Influenced by Italian and French styles, the garden retains its original lead statues, and the Italianate terraces and formal garden contain imaginative and colourful herbaceous borders.
The terraces at Powis Castle are said to be the finest surviving example of a 17th century terrace garden in Britain. The exact date of their construction is unknown but is thought to have begun in the 1680's.
Above the Top Terrace, with its magnificent views of the surrounding countryside, is the yew topiary, which Powis Castle is renowned for. The fourteen yew trees, named “the tumps”, were planted in the 1720's.
Below these are a series of niches in the terrace wall. These would have been for the display of busts, but are now displaying a series of potted plants.
The second terrace is the Aviary Terrace, which once had fruit and vegetables growing on it.
Above the orangery is a pathway with a balustrade from which time-weathered statues of shepherds and shepherdesses are gazing down upon the garden below.
Finally, the Orangery Terrace runs in front of the orangery, which was built to overwinter citrus fruits, now a cool and rather empty room housing a number of potted plants.
On either side of the orangery is a pathway lined with abundant and colourful planting. We took our time exploring and admiring the flowers. As I love poppies in all shapes and sizes, I was particularly enchanted by this delicate strawberry and cream one, which was just being visited by a busy bee.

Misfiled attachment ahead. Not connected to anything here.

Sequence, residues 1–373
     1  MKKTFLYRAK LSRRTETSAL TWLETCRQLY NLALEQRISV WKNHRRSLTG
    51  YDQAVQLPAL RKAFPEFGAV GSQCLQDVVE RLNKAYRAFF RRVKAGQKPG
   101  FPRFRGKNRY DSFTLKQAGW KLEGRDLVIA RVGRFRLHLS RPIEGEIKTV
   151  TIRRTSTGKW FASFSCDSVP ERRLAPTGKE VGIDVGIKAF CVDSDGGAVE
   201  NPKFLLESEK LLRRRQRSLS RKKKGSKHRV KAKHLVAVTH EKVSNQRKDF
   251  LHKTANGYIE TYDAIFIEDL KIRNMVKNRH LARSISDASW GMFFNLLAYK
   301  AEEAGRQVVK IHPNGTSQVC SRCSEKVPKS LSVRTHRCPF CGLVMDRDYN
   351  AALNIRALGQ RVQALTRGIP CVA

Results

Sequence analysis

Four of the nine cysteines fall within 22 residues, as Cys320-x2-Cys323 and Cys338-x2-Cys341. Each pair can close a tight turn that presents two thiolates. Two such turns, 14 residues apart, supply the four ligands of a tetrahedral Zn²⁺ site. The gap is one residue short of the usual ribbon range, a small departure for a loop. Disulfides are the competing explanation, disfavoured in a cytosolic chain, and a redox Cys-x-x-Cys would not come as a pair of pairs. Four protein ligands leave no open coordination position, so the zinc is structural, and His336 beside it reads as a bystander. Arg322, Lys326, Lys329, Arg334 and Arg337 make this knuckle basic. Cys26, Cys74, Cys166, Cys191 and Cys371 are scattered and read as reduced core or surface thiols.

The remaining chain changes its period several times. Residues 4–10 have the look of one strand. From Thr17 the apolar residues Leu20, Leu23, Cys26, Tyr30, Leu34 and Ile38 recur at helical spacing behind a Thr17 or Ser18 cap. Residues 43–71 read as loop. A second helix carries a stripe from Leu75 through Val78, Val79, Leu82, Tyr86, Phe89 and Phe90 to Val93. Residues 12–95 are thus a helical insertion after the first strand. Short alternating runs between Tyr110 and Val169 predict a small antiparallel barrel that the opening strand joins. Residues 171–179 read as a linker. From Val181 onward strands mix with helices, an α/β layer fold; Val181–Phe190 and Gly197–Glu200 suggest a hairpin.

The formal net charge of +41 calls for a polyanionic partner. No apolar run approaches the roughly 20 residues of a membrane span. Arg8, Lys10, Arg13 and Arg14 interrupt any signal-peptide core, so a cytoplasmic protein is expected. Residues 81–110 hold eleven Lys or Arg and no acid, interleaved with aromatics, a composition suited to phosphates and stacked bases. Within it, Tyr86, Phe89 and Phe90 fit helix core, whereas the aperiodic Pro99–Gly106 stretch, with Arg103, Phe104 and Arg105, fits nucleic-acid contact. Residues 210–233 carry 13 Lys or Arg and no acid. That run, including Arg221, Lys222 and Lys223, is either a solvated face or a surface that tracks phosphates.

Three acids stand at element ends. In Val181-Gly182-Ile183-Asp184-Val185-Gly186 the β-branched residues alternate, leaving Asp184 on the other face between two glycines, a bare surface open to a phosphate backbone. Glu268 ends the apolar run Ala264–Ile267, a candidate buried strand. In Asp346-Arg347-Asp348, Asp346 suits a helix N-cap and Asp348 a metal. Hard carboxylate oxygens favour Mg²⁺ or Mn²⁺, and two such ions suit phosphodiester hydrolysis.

Just off the formal gardens are a number of buildings, including a semi-detached half-timbered cottage. The cottage to the left is named “The Bothy” and is a National Trust owned self catering cottage available for rent. With all the visitors to the garden I'm sure it's not as quiet as our own little cottage, though, and presumably a lot more expensive!
At the bottom, behind the formal garden is the Fountain Garden, an addition made by Violet, and replacing a kitchen garden which she considered unsightly.
We thankfully made use of the deckchairs displaying The National Trust's emblem, which were set out on the lawn.
From this vantage point, and accompanied by the meditative tinkling of the fountain, we contemplated the red-stone castle perched proudly on its ridge, clashing and at the same time blending in with the vivid greens provided by the layers of garden.
In 1912, Vilolet commissioned the spectacular wrought iron gates near the fountain garden as a present for George’s birthday.
Above the gate is the Powis coat of arms, and surmounting each pillar is a wyvern (a legendary dragon-like creature), one of which is holding a severed hand in its mouth.
In the 18th century, an informal woodland wilderness was created on the opposite ridge.
The Wilderness ridge is in complete contrast to the rest of the garden and is the perfect place for a woodland walk. Further exploration should reveal an ice house, sculptures hiding in the trees, and the graves of much-loved family pets, but our weary feet were making us take the shortest route.
We stopped to admire one last time the castle when it appeared in a gap between trees, rising like a mirage above its terraces and gardens.
Then it was time to return to our car for the drive back to our cottage at the other side of the border.
Please do tune in for more travel stories in my next post!